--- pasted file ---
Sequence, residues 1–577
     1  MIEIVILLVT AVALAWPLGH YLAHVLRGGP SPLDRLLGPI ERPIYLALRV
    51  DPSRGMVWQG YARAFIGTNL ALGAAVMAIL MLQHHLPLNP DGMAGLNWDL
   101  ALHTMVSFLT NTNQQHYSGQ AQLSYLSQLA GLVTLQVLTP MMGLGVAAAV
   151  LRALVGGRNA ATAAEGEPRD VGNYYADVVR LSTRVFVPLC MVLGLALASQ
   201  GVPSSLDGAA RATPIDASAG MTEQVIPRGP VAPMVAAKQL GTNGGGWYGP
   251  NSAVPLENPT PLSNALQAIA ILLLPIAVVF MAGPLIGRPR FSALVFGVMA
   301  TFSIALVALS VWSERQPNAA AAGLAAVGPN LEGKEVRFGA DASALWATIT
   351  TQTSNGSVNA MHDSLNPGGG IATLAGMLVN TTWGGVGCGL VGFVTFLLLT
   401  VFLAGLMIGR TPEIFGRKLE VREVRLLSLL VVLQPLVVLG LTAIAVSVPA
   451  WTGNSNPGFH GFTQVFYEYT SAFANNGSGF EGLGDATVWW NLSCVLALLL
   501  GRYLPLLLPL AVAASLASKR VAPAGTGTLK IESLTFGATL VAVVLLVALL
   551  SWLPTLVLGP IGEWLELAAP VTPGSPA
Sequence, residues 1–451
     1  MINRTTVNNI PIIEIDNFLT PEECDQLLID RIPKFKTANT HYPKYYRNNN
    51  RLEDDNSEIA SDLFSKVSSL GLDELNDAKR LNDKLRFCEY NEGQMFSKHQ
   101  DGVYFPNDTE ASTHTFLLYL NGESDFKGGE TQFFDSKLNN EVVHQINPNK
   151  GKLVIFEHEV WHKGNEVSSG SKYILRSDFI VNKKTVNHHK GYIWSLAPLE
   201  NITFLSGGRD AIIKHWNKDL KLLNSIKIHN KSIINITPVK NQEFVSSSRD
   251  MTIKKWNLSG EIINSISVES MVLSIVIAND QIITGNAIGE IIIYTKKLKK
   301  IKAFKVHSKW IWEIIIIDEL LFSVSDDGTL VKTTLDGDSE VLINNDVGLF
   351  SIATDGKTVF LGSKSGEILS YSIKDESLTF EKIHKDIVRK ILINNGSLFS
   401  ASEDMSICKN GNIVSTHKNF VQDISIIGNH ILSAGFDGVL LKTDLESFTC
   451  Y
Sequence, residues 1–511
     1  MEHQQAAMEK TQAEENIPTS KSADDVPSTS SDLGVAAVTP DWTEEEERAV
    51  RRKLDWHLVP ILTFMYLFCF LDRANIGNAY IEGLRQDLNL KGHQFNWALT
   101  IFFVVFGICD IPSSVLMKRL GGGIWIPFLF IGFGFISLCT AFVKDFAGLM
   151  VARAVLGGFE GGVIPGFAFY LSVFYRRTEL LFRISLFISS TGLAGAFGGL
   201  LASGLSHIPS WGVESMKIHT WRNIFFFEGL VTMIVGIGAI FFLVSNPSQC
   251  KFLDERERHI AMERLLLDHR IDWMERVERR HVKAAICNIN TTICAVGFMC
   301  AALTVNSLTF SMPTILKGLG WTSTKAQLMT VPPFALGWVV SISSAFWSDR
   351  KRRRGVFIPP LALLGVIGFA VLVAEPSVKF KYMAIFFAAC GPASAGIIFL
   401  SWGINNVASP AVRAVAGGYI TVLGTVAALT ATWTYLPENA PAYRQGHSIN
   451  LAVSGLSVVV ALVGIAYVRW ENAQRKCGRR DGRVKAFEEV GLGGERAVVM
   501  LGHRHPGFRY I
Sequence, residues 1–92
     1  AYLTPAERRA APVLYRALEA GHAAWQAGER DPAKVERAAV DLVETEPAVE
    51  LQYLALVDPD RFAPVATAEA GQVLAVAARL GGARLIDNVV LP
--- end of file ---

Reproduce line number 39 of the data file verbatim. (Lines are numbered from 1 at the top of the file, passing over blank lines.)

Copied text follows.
    51  LQYLALVDPD RFAPVATAEA GQVLAVAARL GGARLIDNVV LP